Homemade “Artisan” Bread – Updated

Homemade “Artisan” Bread – Updated

I have decided to update this recipe simply because my “adult” children keep telling me that it isn’t clear. What do they know anyway….

It did get my attention though so I spent some time thinking about why and landed on the thought that my version of this recipe has morphed a bit, not because I make things better than the original, rather my other journeys in bread-making have somehow intersected with this one. Some people like their “artisan” bread a bit more spongy, but I like it with those big beautiful air pockets and a touch of sour.  This updated version, is that.

Original post below with update to the actual recipe below that.

Bread. It deserves so much more than I can give it here in this paltry blog post. There are religious, cultural, and now dietary rants centered around this mythical mix of flour, water, and yeast, (and maybe another ingredient or two…salt? honey?).

Some day I plan on writing a complete thesis on bread, but I am going to leave that for some other time when I can fully come to grips with all of the history and meaning that surrounds bread and its cousins and why it brings so many people together, and now tears so many apart.

Tacky Dough

Today, though, I want to talk about a recipe for a very simple loaf of bread that you can (and should) make every week.  After making this bread once, you won’t even shell out the $3-6 it costs to get awesome artisan bread from a local bakery and we have some great ones in the PNW.  Don’t get me wrong, if you can’t or won’t make bread at home, then you absolutely must start buying better bread at the store. My home keeps a couple of loaves of sandwich bread (Dave’s Killer or course) and at least one loaf of artisanal bread that we use for dinner, to soak up leftover sauces and soups, and general snacking.

This recipe for No-Knead Bread was “made famous” by an article written several years ago in the NY Times by the great food writer Mark Bittman about a local baker, Jim Lahey, from the Sullivan Street Bakery. This basic bread recipe has appeared in countless newspapers, magazine articles,  co0k books, and of course throughout the blogosphere since. Most recently I have seen it in Greg Atkinson’s At the Kitchen Table book, the Dinner: A Love Story blog, and my very own father ripped out an article from the Spokesman-Review the other day and mailed it to me (yes mail, stamps, etc.)!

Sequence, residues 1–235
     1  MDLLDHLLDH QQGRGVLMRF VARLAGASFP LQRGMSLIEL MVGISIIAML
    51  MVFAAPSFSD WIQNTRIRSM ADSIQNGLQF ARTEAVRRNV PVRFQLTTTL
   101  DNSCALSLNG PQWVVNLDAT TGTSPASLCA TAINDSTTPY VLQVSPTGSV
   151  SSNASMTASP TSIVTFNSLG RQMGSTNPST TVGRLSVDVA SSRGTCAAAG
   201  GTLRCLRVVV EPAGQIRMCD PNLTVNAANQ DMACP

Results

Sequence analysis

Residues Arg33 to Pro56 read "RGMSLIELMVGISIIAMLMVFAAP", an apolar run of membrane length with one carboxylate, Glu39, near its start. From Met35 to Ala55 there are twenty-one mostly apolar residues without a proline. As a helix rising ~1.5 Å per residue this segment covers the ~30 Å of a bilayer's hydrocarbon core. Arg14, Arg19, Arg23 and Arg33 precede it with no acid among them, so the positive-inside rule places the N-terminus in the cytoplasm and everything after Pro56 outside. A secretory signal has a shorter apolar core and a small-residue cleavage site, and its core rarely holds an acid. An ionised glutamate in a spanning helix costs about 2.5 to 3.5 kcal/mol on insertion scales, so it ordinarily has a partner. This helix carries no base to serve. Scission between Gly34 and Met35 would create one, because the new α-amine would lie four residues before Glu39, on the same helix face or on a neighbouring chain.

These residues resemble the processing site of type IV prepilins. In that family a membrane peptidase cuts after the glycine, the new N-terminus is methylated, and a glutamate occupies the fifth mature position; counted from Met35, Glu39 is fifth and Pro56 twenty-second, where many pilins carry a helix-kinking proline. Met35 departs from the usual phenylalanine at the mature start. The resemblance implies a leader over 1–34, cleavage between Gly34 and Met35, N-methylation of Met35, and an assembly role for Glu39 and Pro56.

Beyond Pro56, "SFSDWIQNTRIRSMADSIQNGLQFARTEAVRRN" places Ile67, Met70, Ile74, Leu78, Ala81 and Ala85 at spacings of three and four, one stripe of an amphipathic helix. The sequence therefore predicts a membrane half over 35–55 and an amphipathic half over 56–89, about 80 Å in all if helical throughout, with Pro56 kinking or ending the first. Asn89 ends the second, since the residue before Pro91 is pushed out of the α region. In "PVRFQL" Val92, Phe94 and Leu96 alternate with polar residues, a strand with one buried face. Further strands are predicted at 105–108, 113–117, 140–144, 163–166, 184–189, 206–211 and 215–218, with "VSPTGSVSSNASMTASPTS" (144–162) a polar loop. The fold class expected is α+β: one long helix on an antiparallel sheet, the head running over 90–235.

No Knead Bread

This bread is SO EASY to make and is SO WORTH the little effort it takes to make it, that you will feel like equal parts grandmother and hipster baker in one bite. The time that it takes to let the dough develop its flavor yields a tangy, almost sourdough-like quality that you simply won’t be able to get enough of.  This is part “no knead” from Lahey fame and touch of knead near the end of the process. I don’t pretend to know more than the pros, I just prefer it this way personally.

Artisan Bread

400 grams (approx 3 cups) AP flour
1/4 t yeast
1 1/3 c water, lukewarm
1 1/4 t kosher salt
squeeze of honey

In a small bowl add the water, yeast and honey. Give it a good stir and let sit for 5-10 minutes until the yeast foams a bit.

Place the flour and salt into a larger bowl and when yeast mixture is done, add it to the flour and stir it about 15 times.  The dough should look craggy like the picture above. Cover with a plate and let sit on your kitchen counter overnight.

Next day dump the dough on a lightly floured counter or cutting board.  Form into a ball and start stretching from the middle out to the right and fold back to center, then repeat the process but from the left, from the top and then from the bottom. Flip over and cover with the same bowl and let sit for about 90 minutes.  Repeat the process and then place in your banneton and cover with a tea towel. Let sit on counter for at least another hour. When you are 30 minutes in, place your dutch oven in your oven with lid on and turn oven to to 475. Let them heat up together. When dough is ready (and oven), flip dough out directly into dutch oven (be careful will be very hot), slice with a razor blade, or snip with your kitchen shears a couple of 12 inch slices (this lets steam escape and gives it that cool texture). Place lid back on the dutch oven and let cook for about 30 minutes. After 30 minutes, remove the lid and finish for another 15.  Carefully remove from oven and flip bread onto your cooling rack. You should almost immediately hear the bread “sing.” This is the magic. Let it sit for about 30 minutes before you eat, if you can.  With the overnight ferment, plus the additional stretch, you should get big beautiful air pockets in the bread, which to me, is the perfect way.


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